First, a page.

Chemists monitor plant gas ethylene as method to reduce food waste
Ethylene is a colourless, sweet-smelling gas emitted when flowers bloom and fruits ripen, which researchers have suggested is useful in preventing food spoilage if detected early.
Chemist from the Massachusetts Institute of Technology (MIT) have now reportedly created a tiny sensor that can detect ethylene in concentrations as low as 15 parts per billion, which they believe could be useful in preventing food waste.
The sensor, which is made from semiconducting cylinders called carbon nanotubes, could be used to monitor fruit and vegetables as they are shipped and stored, helping to reduce food waste, said Timothy Swager, the John D. MacArthur Professor of Chemistry at MIT.
“There is a persistent need for better food management and reduction of food waste,” Swager said. “People who transport fruit around would like to know how it’s doing during transit, and whether they need to take measures to keep ethylene down while they’re transporting it.”
In addition to its natural role as a plant hormone, ethylene is also the world’s most widely manufactured organic compound and is used to manufacture products such as plastics and clothing. A detector for ethylene could also be useful for monitoring this kind of industrial ethylene manufacturing, the researchers suggested.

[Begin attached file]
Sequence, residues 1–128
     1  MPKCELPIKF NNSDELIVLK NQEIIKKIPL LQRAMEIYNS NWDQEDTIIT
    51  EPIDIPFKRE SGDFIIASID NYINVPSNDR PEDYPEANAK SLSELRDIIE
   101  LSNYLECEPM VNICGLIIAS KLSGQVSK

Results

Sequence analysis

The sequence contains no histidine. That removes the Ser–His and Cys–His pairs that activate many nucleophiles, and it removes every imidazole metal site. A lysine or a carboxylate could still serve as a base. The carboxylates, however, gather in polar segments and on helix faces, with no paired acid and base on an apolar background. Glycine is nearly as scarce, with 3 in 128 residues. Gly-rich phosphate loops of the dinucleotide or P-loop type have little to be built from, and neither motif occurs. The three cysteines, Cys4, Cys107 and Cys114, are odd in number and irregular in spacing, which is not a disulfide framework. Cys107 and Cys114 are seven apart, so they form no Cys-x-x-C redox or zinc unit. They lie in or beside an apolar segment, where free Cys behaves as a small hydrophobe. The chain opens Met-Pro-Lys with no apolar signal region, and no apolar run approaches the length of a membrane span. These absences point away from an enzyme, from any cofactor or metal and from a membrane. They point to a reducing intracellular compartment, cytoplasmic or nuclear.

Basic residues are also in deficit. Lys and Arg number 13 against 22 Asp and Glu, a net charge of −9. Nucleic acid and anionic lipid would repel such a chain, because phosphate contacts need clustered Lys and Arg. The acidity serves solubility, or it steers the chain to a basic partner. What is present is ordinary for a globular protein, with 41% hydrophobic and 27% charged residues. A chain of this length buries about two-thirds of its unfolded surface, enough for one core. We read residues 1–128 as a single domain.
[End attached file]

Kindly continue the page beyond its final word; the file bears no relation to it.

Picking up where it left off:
“There still is not a good commercial sensor for ethylene,” Swager said. “To manage any kind of produce that’s stored long-term, like apples or potatoes, people would like to be able to measure its ethylene to determine if it’s in a stasis mode or if it’s ripening.”
Swager and colleague created a new kind of ethylene sensor that is also based on carbon nanotubes but works by an entirely different mechanism, known as Wacker oxidation. Instead of incorporating a metal such as copper that binds directly to ethylene, they used a metal catalyst called palladium that adds oxygen to ethylene during a process called oxidation.
As the palladium catalyst performs this oxidation, the catalyst temporarily gains electrons. Palladium then passes these extra electrons to carbon nanotubes, making them more conductive. By measuring the resulting change in current flow, the researchers can detect the presence of ethylene.
The sensor responds to ethylene within a few seconds of exposure, and once the gas is gone, the sensor returns to its baseline conductivity within a few minutes.
“You’re toggling between two different states of the metal, and once ethylene is no longer there, it goes from that transient, electron-rich state back to its original state,” the researchers said, which allows them to quickly detect the best time to intervene to prevent spoilage and reduce food waste.